Both sides are blessed with the kind of mid-’50’s Tubey Magical Analog Sound that’s been lost to the world of recorded music for decades — decades I tell you!
Nobody can manage to get a recording to sound like this anymore and it seems as if no one can even remaster a recording like this anymore, if our direct experience with scores of such albums counts as any sort of evidence. (more…)
*NOTE: On sides one and two, a bubble makes 6 very soft thumps on Track 1, It Never Entered My Mind (side one), and Trane’s Blues (side two). On side four, a mark makes 15 light stitches at the beginning of Track 3, When I Fall In Love.
You might be surprised that a reissue can beat the originals, but one play of this pressing should be enough to remove all doubt.
To the Jazz Fans of the World, we here present one of the BEST sounding jazz recordings we have ever had the PRIVILEGE to place on a turntable. I cannot ever recall hearing a better sounding Rudy Van Gelder recording, and I have a theory as to why this tape is as good as it is: it’s MONO. It also sounds like it’s recorded completely LIVE in the studio, direct to one track you might say. As good a recording as Kind of Blue is, I think the best parts of this album are more immediate and more real than anything on KOB. (more…)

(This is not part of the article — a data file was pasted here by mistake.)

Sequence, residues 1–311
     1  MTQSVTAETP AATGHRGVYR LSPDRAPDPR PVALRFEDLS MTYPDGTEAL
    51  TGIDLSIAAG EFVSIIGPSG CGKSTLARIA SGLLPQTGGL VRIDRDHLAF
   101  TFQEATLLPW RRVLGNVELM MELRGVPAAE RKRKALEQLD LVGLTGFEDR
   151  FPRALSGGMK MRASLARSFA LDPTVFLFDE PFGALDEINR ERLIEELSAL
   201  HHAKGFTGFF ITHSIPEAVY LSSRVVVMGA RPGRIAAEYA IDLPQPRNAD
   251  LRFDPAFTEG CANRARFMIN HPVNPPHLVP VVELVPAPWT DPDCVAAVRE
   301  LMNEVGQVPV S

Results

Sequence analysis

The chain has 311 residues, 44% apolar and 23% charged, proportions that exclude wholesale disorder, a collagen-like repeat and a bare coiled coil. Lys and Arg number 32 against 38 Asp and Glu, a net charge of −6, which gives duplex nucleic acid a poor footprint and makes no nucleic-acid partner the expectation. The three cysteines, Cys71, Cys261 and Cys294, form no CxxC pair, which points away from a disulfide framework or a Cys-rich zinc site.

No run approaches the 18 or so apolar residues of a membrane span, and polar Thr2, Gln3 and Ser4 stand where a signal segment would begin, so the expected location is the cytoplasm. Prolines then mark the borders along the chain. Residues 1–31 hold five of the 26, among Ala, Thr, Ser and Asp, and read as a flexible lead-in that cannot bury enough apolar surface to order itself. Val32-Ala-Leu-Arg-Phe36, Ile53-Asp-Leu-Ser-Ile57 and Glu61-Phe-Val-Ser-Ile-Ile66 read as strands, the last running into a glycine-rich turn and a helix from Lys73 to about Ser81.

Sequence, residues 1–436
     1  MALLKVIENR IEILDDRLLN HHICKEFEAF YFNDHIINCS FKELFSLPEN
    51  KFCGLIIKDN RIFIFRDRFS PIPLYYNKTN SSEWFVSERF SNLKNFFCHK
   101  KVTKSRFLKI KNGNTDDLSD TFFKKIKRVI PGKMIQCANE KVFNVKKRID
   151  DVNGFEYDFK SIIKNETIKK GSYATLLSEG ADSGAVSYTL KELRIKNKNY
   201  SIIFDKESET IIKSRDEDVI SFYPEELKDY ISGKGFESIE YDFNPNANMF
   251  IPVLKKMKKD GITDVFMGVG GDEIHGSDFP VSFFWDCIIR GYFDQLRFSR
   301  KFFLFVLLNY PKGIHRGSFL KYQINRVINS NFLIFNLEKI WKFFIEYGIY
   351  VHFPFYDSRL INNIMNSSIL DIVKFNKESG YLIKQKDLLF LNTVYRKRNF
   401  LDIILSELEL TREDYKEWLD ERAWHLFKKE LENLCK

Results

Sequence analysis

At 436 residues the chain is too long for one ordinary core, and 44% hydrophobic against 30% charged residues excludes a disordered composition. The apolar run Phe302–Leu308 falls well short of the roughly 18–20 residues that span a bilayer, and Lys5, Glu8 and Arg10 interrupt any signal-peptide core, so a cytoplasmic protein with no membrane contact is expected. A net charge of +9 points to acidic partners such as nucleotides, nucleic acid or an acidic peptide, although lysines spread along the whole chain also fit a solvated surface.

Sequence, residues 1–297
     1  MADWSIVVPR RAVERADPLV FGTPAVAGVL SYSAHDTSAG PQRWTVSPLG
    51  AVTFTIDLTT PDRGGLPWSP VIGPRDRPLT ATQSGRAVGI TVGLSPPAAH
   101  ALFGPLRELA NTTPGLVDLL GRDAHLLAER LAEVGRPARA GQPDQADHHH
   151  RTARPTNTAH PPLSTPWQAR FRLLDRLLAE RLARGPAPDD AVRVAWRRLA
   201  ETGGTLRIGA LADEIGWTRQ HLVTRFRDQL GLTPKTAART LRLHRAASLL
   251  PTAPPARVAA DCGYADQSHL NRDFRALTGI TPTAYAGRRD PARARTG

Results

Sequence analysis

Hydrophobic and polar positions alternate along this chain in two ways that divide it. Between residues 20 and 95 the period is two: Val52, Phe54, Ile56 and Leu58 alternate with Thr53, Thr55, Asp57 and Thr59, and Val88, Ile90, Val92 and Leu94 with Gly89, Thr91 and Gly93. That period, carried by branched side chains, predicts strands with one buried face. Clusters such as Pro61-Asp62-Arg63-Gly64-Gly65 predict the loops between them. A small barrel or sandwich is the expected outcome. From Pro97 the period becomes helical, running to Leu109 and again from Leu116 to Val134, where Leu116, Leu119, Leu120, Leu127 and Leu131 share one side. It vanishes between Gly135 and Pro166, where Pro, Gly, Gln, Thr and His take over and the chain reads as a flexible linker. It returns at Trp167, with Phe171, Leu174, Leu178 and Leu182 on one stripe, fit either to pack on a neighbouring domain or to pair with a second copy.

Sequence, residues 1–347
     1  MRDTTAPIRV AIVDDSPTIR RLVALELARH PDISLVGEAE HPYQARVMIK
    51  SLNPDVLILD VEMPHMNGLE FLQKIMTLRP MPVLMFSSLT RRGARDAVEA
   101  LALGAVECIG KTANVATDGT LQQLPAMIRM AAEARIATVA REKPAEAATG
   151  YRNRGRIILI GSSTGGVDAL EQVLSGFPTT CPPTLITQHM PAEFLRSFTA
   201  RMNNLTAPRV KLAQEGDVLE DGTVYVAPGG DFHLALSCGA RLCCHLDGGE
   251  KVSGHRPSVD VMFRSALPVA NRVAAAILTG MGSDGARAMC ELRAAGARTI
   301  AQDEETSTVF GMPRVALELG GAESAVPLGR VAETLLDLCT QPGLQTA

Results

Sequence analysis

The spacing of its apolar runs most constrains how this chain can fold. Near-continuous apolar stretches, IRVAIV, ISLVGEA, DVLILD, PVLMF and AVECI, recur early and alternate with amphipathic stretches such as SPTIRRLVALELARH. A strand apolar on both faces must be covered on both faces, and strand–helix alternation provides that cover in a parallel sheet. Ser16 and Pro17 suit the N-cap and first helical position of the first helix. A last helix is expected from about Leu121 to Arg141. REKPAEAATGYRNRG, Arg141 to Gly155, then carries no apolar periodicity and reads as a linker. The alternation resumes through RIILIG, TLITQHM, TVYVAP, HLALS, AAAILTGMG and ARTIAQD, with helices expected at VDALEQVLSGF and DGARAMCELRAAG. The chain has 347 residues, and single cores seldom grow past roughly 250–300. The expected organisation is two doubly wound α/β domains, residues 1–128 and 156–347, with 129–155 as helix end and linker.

This is one of the few Mono albums that really justifies the claims made for the superiority of mono in general. Just listen to the vocals on side one: they’re right up front and centered the way they should be on any good pop song. On the stereo version, they’re off to the left and way down in level. They have no power over there! It robs the song of its focus.
Even worse, the stereo remaster by Edsel has no bass. It’s a joke next to the mono. It’s doubtful we would ever buy one again. What a waste of good import vinyl.
Edsel did a great remastering job of the mono mix here. What do we hear on this pressing that’s different from most of the early pressings? A smoother, sweeter, lower distortion midrange and top end. And really punchy solid super low distortion bass. The transparency of this pressing is clearly superior to anything we have ever played. (more…)